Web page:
I made those pickles about 20 years ago. They were one of my first attempts. Like I said, they turned out good. I made them with just your regular old store bought cukes, which are the "slicing" type. Mine weren't burpless but they were not the pickling kind. It's a small batch recipe, might be worth a try.
Nope, no vinegar. It doesn't seem to need it. They aren't as sour as the sandwich pickles from the supermarket, but they are plenty dill-y. Anyway, that's how our family makes them, and I love them.
Actually, gellchom, it sounds good because I think pickles are too sour and I don't really care for them much. I'm definitely going to have to try your recipe and see how different they are, and I just wanted to be sure that I was reading it right.
I'm glad I ran across this topic, as my brothers and I were discussing the art of making good dill pickles this weekend.
Chase's recipes sounds very similar to the ones I made 30 years ago and I need some clarification.
1. They don't require a BWB? (mine didn't way back then)
2. They don't need to be refrigerated before opening?
3. Could you use frozen dill heads in this recipe?
4. What is the shelf life?
Thanks in advance!
I always hesitate to comment when people start talking about my dills. They work for me but I am not interested in defending the recipe so I usually just lay low.
FWIW, I do not use a BWB, I just ensure that the brine and jars are boiling hot, I use the dishwasher on sani for the jars and then keep them in 1 low oven while I pack them. I onoly pack 2 - 4 at a time. A BWB results in a less crisp pickle but is more conventionally accepted.
I make over a 100 jars a year and store in cupboards and shelves in a cool area of the basement. Mine keep as long as I have them...which is usually a year or so.
I always chill my dills before opening but not as a means of storage.
If, on the odd occasion, a jar does not seal I store the jars in the fridge for 6 weeks or so and use before using the ones that sealed.
I would not use frozen dill.....I only use fresh dills and cukes.
Sharon, are the dill florets at the stage of flowering or in seed?
D@mn good question Christine. I prefer them flowering but have used them with good results as they just start to go to seed.
My personal test is all green, none or very little yellow, brown...not happening!
I seem to have a couple of flowering heads at most stages, but not the big patch of dill I want. Can you actually buy flowering dill there? I'd think you'd need your own big patch for that recipe! I am going to try a small batch, if I can find fresh enough pickling cucumber. When the tempersture drops below 100.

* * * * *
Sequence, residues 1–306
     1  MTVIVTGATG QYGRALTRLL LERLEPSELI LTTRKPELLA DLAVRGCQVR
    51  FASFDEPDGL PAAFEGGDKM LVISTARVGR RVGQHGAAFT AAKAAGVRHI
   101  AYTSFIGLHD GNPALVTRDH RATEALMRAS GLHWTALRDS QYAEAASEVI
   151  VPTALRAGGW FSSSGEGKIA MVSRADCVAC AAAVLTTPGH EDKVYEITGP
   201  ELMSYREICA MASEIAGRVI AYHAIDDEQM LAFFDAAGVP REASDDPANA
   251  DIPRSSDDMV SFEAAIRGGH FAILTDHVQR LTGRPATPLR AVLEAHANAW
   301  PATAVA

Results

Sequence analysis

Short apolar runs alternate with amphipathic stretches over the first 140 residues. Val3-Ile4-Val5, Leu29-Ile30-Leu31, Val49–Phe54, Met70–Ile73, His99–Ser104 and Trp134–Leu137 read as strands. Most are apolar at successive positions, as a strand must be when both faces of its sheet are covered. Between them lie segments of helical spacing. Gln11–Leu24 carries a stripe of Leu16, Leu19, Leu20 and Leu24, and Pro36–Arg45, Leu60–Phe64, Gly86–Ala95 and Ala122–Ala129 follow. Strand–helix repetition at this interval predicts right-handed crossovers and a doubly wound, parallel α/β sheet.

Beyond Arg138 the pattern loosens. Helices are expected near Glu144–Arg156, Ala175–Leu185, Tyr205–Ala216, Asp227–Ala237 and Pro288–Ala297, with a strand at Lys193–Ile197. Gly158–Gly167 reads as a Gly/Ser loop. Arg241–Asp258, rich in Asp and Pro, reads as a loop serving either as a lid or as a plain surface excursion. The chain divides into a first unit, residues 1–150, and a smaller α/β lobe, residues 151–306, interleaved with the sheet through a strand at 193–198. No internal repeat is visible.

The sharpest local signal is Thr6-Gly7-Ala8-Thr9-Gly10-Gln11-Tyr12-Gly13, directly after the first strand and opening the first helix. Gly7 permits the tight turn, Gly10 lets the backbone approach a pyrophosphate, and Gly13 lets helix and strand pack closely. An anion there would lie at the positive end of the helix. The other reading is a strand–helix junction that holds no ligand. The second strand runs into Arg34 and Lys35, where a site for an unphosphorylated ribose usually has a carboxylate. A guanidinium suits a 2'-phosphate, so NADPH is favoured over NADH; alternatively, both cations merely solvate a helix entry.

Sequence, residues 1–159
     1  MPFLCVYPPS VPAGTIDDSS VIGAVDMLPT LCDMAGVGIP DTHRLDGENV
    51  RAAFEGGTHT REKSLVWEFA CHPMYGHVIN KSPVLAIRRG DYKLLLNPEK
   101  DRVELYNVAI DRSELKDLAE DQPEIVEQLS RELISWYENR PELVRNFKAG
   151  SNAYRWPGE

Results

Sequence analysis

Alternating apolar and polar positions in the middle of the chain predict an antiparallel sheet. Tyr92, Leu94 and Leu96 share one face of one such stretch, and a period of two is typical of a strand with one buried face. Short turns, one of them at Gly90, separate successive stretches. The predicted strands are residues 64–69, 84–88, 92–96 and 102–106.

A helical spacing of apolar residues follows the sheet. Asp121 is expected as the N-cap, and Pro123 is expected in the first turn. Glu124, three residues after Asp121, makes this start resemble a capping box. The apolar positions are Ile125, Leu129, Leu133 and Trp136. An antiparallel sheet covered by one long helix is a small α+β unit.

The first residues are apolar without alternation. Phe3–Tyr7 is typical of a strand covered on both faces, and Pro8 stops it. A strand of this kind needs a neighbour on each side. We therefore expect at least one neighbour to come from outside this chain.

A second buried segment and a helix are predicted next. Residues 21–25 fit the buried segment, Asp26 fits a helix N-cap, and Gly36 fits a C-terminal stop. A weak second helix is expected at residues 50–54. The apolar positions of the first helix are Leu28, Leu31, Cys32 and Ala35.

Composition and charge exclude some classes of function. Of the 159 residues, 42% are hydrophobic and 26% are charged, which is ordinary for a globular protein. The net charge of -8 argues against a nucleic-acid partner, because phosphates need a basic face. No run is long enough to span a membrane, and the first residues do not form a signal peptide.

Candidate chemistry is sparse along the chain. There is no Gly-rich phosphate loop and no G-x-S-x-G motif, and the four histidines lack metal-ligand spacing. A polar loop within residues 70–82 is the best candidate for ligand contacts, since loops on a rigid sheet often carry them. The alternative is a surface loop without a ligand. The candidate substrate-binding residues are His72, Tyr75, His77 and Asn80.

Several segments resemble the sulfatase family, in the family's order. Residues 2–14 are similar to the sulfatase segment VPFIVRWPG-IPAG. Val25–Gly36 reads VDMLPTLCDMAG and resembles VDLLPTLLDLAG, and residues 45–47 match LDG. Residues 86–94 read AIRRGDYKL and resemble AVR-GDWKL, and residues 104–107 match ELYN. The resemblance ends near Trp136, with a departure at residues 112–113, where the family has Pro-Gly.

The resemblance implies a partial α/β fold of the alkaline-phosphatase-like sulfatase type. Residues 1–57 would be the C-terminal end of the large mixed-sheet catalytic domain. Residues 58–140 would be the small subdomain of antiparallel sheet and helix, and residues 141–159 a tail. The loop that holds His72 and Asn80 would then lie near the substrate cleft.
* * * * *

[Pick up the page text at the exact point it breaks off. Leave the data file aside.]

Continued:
Thanks Chase for answering my question. The reason I asked about the frozen dill, is rarely are the cukes and dill ready at the same time. Usually the dill is ready earlier.
As far as not us the BWB, that's how I started and I think I'll revert back to again. When I did process, they just weren't as good.
I am no food safety expert, but I would hazard a guess that the BWB is to insure a good seal and to make sure all ingredients come to a sterile temp, including the cukes, which of course will affect their crunchiness, although not by too much. The brine is going to be your main means of preservation in this recipe. You are taking a slight risk, which is something no instructor or public agency could recommend, but each person has to decide for themselves what level of risk they can tolerate. Sharon has had a good experience with this method as have many others of us. But you need to educate yourself on food safety and what can go wrong if you are canning so you can manage your hobby. It's not difficult, but it isn't a no brainer either.
I love the refrigerator kosher dills and have a pickle barrel stand just three blocks from my house. That's why I don't mess with dill spears, but they sure look groovy in Barnmon's photo!
As for the dill flower heads, you can still get acceptable results with less than stellar dill heads, because I have done it. Some recipe call for just the seeds anyway, so if some of your flowerhead has gone to seed, it can still be used. Some of the issue may be cosmetic. And that counts for something, especially if you give your canned stuff as gifts, which I often do.
I purchased fresh dill heads from my local grocery store. They were a special order, however. I have in the past seen them occasionally in buckets in the produce department of the high-end grocer but rarely. I think they make a very pretty presentation. The grape leaves are from my own vines.
kaelkriver, the more I think of it the more I think that frozen dill would be fine.
I would thaw it completely before canning so as not to bring the brine temp down...but I think it would work just fine.
So I made ann_t 's pickles today (well, the recipe I believe is actually for Chase's pickles) and am going nuts knowing I have to go so many weeks before I try them. One question, though, she says don't cut them, just put them in the jar but how does she get 6-8 cukes in a quart jar? I'm assuming that cukes mean cucumbers and I'm using pickling cucumbers. Am I doing it wrong??
This post was edited by keeweeoh on Thu, Jul 10, 14 at 21:49
keeweeoh, those are actually Chase's dill pickles, Ann T just posted the recipe.
I often get 6 smaller cukes in a quart jar, but if I'm using the bigger ones I can only get three or four in there. Sometimes I only get two in a pint!
My cukes must've been of the larger size-I tried to get 4 in the quart jar and gave up, cut them instead. Hope that doesn't affect the crispness. Opinion?
My cucumber vines aren't producing in mass quantity's and i can only do two Quarts at a time.I can't find anything any where to help me to get recipes for Kosher dills,Bread and butter,sweet Pickles or polish dills that i can figure out how to scale it down to two Quarts..I tried to do it myself but i always get so confused.Can anyone help me? Thank you so much if i could get the scaled down really good Recipes!
Here is a link that might be useful: That home Site
This post was edited by Breemom1 on Sun, Aug 10, 14 at 17:54
Anyone out there with an opinion on using well water? Some people feel that it helps with obtaining crispier pickles.
Both of you might find this page from NPR interesting.